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Reverse logistics for the management of waste

Reverse logistics for the management of waste
Reverse logistics for the management of waste
Research into sustainable distribution has largely focussed on improving the delivery of products through the supply chain from manufacturer to end customer by developing fundamental understanding of the various supply chain operations at work in urban centres. The logistics activities associated with the return of damaged, unsold or returned consumer products back up the supply chain, and the consolidation, handling and disposal of waste products that may result, is becoming of increasing interest in the drive to reduce costs and maximise efficiency within the distribution sector.

With the introduction of the EC Directives on Waste Electrical and Electronic Equipment (WEEE) (2002/96/EC), the Restriction of the Use of Certain Hazardous Substances (RoHS) in Electrical and Electronic Equipment (2002/95/EC), and Packaging and Packaging Waste (94/62/EC), the onus is on retailers and manufacturers to reduce their waste output and better manage their respective logistics operations in this area by participating in specific waste take-back schemes.

The need to effectively manage product returns as part of the supply chain process has become more pronounced since the introduction of the Directive on Distance Contract (97/7/EC), which stipulates that anyone who makes a purchase via the Internet, telephone, fax or mail order is able to change their mind during a ‘cooling-off’ period of seven working days after the goods have been received with no explanation for their return being required.

Under this backdrop of increasingly liberal returns policies coupled with a ‘throw away’ consumer culture, the extent to which product returns contribute to increasing waste and recyclate generation needs to be explored. With a variety of centralised and decentralised supply chain mechanisms being employed to service retailers, there is potential scope for co-ordinating reverse processes to both reduce collective transport impacts and maximise re-use value from the recyclate generated.
9780749466251
242-262
Kogan Page
Cherrett, T.J.
e5929951-e97c-4720-96a8-3e586f2d5f95
Maynard, S.
a6cb202f-0090-4095-9c62-a5abe1469c26
McLeod, F.N.
93da13ec-7f81-470f-8a01-9339e80abe98
Hickford, A.J.
55d34672-b7bb-47d4-97a6-095304c429de
Cherrett, T.J.
e5929951-e97c-4720-96a8-3e586f2d5f95
Maynard, S.
a6cb202f-0090-4095-9c62-a5abe1469c26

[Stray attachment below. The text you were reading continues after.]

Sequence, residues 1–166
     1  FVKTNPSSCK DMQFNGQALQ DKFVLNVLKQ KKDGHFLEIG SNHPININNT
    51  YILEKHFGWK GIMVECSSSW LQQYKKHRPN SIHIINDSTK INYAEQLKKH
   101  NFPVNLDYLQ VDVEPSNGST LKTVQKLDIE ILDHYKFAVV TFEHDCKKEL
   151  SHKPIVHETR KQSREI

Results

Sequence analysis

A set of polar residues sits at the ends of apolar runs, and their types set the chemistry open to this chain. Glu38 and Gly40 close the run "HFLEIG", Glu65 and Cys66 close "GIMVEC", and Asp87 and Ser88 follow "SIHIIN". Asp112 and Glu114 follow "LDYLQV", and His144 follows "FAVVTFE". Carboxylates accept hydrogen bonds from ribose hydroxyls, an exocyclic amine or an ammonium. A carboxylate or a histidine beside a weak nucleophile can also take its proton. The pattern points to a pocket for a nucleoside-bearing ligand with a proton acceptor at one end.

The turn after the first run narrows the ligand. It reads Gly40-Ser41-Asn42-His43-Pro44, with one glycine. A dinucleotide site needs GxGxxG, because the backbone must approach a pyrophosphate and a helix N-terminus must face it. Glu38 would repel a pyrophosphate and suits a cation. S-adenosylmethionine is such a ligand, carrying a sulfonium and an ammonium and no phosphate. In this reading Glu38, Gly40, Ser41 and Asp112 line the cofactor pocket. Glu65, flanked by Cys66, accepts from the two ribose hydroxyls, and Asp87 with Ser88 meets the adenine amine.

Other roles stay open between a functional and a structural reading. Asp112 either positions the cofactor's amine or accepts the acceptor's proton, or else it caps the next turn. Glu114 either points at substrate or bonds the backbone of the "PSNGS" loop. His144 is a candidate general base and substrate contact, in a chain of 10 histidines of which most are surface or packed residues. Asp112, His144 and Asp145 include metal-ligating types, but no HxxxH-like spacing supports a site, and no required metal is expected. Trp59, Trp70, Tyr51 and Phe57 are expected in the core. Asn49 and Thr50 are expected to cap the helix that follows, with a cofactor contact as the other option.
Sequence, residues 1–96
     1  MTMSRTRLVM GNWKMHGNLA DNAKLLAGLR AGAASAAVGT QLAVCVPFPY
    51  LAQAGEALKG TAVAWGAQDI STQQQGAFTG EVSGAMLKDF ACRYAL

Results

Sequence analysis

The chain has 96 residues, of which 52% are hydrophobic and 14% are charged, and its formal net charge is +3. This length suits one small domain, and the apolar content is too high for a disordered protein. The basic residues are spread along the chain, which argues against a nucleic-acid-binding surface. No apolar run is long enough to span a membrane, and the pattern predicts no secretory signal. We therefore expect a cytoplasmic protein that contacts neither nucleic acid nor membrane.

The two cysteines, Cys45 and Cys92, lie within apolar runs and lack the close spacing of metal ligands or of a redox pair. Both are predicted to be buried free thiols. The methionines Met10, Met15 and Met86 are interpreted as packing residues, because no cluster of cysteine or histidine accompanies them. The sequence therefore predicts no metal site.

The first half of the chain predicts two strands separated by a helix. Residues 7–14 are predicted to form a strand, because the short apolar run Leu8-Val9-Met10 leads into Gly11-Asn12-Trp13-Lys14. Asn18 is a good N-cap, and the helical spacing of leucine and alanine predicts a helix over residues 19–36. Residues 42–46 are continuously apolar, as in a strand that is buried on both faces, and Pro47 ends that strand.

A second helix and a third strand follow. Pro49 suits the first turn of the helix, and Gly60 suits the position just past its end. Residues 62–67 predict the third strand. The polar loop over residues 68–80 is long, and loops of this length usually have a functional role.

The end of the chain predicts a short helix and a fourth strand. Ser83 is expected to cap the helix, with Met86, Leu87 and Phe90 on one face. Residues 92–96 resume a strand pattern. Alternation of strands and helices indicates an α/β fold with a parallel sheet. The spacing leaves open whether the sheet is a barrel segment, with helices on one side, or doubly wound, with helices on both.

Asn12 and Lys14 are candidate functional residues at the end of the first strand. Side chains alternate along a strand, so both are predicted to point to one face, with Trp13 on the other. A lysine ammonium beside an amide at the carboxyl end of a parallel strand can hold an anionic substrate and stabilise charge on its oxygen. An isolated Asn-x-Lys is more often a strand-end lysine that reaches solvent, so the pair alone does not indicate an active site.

McLeod, F.N.
93da13ec-7f81-470f-8a01-9339e80abe98
Hickford, A.J.
55d34672-b7bb-47d4-97a6-095304c429de

Cherrett, T.J., Maynard, S., McLeod, F.N. and Hickford, A.J. (2012) Reverse logistics for the management of waste. In, Green Logistics: Improving the environmental sustainability of logistics. London, GB. Kogan Page, pp. 242-262.

Record type: Book Section

Abstract

Research into sustainable distribution has largely focussed on improving the delivery of products through the supply chain from manufacturer to end customer by developing fundamental understanding of the various supply chain operations at work in urban centres. The logistics activities associated with the return of damaged, unsold or returned consumer products back up the supply chain, and the consolidation, handling and disposal of waste products that may result, is becoming of increasing interest in the drive to reduce costs and maximise efficiency within the distribution sector.

With the introduction of the EC Directives on Waste Electrical and Electronic Equipment (WEEE) (2002/96/EC), the Restriction of the Use of Certain Hazardous Substances (RoHS) in Electrical and Electronic Equipment (2002/95/EC), and Packaging and Packaging Waste (94/62/EC), the onus is on retailers and manufacturers to reduce their waste output and better manage their respective logistics operations in this area by participating in specific waste take-back schemes.

The need to effectively manage product returns as part of the supply chain process has become more pronounced since the introduction of the Directive on Distance Contract (97/7/EC), which stipulates that anyone who makes a purchase via the Internet, telephone, fax or mail order is able to change their mind during a ‘cooling-off’ period of seven working days after the goods have been received with no explanation for their return being required.

Under this backdrop of increasingly liberal returns policies coupled with a ‘throw away’ consumer culture, the extent to which product returns contribute to increasing waste and recyclate generation needs to be explored. With a variety of centralised and decentralised supply chain mechanisms being employed to service retailers, there is potential scope for co-ordinating reverse processes to both reduce collective transport impacts and maximise re-use value from the recyclate generated.

Full text not available from this repository.

More information

Published date: 3 December 2012
Organisations: Transportation Group

Identifiers

Local EPrints ID: 348547
URI: https://eprints.soton.ac.uk/id/eprint/348547
ISBN: 9780749466251
PURE UUID: bf1333ce-c1f2-4454-bc1c-ac1e2c70d4fd
ORCID for F.N. McLeod: ORCID iD orcid.org/0000-0002-5784-9342
ORCID for A.J. Hickford: ORCID iD orcid.org/0000-0001-6414-9064

Catalogue record

Date deposited: 18 Feb 2013 12:30
Last modified: 13 Jun 2019 00:39

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